With the talk of sharp tax increases coming from Washington, Tennesseans received a break from bad news recently when the Tax Foundation announced that the Volunteer State has the third-lowest tax burden in America.
In its annual "State-Local Tax Burden Ranking," the nonpartisan tax research group found that only Alaska and South Dakota residents pay a lower portion of their incomes in combined state and local taxes than do Tennesseans.
The Tax Foundation determined that, thanks to a lack of state income and property taxes, Volunteer State residents shell out a comparatively reasonable 7.7 percent of their income for state and local taxes. That amount is still both more than most Tennesseans would like and more than the government realistically needs to adequately provide appropriate services. Yet, Tennessee residents get off easy compared to some surrounding states.
North Carolina's state and local governments, for example, snag a jarring 9.9 percent of residents' income. Where Tennessee has the third lowest combined state and local tax burden in America, the Tar Heel state has the 34th lowest tax rate. To make matters worse for North Carolinians, in just the past decade, North Carolina has gone from having the 23rd highest combined tax burden to the 17th highest.
As a Tennessean, it's not fun routinely paying more than 9 percent in sales taxes on most items, but it sure beats shelling out the hefty state property and income taxes faced by our neighbors to the east.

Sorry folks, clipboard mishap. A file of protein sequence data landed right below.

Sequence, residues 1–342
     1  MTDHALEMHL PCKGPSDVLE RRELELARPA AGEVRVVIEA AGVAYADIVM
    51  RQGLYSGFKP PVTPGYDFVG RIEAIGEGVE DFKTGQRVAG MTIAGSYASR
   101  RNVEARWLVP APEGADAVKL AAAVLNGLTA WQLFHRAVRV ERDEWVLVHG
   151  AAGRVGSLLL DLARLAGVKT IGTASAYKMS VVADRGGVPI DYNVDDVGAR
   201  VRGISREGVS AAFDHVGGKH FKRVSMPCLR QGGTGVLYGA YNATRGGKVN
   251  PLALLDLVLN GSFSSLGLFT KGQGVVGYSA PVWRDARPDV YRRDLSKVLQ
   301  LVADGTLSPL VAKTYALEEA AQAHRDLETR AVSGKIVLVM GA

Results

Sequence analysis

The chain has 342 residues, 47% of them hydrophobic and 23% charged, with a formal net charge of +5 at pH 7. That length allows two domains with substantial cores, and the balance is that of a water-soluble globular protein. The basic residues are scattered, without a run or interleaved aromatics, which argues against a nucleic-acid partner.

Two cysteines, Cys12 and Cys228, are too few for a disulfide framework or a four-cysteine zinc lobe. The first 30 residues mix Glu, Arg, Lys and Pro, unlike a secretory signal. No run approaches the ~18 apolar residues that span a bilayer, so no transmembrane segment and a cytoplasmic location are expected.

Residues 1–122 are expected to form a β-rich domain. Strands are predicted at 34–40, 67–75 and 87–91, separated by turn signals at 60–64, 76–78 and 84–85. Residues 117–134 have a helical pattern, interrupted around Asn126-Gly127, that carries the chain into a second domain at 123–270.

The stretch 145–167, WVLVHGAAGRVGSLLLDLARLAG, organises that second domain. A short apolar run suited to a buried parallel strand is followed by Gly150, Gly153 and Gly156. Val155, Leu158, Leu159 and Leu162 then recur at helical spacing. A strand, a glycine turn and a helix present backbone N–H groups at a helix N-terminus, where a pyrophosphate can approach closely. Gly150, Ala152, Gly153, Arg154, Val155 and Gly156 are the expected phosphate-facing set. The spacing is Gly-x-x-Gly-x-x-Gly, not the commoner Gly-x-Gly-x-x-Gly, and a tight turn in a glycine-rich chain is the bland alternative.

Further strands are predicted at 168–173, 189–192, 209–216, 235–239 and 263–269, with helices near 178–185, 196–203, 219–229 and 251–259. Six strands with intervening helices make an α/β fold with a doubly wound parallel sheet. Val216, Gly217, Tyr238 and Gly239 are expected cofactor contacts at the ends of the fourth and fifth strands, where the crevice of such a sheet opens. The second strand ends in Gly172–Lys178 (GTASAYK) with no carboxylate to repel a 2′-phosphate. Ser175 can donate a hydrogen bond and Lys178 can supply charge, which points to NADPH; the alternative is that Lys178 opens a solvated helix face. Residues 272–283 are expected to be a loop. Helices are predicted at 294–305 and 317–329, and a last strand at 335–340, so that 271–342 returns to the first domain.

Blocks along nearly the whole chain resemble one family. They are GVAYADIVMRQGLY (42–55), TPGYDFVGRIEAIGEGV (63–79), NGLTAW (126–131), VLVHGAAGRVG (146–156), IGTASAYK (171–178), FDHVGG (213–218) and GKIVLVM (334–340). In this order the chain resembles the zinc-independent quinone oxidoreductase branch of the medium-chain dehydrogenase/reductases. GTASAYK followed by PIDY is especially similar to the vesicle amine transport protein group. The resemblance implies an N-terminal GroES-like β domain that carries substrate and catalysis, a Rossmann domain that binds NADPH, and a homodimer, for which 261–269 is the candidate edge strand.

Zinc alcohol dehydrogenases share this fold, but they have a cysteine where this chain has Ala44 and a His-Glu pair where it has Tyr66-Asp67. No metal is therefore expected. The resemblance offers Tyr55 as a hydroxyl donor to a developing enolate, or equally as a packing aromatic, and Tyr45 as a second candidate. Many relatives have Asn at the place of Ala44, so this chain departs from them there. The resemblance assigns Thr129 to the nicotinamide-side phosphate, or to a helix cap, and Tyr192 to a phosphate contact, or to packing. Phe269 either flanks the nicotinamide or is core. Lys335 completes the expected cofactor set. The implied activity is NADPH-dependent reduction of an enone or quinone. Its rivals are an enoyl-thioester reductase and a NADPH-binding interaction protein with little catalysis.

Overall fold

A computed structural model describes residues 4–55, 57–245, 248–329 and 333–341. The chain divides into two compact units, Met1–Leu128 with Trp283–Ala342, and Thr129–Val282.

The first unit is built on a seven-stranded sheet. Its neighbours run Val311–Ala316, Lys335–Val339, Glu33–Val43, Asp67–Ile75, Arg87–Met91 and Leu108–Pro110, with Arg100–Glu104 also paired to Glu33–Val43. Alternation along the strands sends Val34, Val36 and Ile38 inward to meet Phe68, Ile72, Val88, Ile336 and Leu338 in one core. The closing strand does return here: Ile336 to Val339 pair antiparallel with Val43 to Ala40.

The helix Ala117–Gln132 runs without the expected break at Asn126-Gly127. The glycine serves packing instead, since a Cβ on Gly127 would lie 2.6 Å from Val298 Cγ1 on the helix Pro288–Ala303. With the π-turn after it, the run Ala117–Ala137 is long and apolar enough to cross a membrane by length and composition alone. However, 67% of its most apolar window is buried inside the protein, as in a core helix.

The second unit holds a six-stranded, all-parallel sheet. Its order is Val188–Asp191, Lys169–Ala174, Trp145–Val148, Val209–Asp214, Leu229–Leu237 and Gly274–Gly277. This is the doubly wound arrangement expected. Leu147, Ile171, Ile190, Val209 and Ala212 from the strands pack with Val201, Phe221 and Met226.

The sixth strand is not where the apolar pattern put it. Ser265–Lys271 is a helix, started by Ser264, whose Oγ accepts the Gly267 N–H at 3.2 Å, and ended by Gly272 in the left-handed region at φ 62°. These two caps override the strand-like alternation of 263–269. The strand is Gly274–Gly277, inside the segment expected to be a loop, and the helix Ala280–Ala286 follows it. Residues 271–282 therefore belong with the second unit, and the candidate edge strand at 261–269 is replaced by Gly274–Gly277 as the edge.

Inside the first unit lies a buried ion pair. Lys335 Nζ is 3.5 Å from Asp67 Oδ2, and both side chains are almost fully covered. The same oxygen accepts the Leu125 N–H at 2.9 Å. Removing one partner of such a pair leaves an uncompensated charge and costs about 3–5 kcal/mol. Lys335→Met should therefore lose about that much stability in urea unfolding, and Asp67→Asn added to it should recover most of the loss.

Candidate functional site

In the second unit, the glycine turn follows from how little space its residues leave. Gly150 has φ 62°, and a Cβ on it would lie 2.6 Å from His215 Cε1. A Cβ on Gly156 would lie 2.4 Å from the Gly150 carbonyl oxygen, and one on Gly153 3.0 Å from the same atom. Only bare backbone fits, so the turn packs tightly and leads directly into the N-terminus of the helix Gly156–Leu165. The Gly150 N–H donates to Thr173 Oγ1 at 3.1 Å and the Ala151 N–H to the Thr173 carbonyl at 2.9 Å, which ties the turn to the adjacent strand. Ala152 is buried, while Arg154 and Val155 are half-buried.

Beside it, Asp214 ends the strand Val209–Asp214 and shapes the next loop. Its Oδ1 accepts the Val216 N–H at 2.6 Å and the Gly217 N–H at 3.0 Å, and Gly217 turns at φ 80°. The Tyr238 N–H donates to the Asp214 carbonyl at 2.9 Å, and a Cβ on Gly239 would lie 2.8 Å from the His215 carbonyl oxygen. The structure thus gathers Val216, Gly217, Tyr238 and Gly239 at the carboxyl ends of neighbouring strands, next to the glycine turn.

If you're doing Christmas shopping, Georgia is the place to do it. The state has a general sales tax rate of just 4 percent. Further, local governments are limited in what they can add to that rate. On the flip side, what it loses in sales tax revenue Georgia makes up for in its hefty individual tax. Overall, Georgia comes in with the 18th lowest combined state and local tax burden in America at 9 percent.
Alabama ranked solidly in the top-10 least-taxed states in the Tax Foundations' ranking of state and local tax burden, coming in eighth-lowest overall. With no state property tax and a relatively low income tax, Alabama residents pay an average of 8.2 percent of their income in local taxes.
Regardless of what new federal taxes may be slapped on Americans on Jan. 1, it's important to remember that state tax rates can vary greatly and make a significant impact in how much of our paychecks we get to bring home. Tennessee's state and local leaders clearly understand this fact and allow Tennesseans to keep a lot more of their hard-earned dollars than residents of most other states.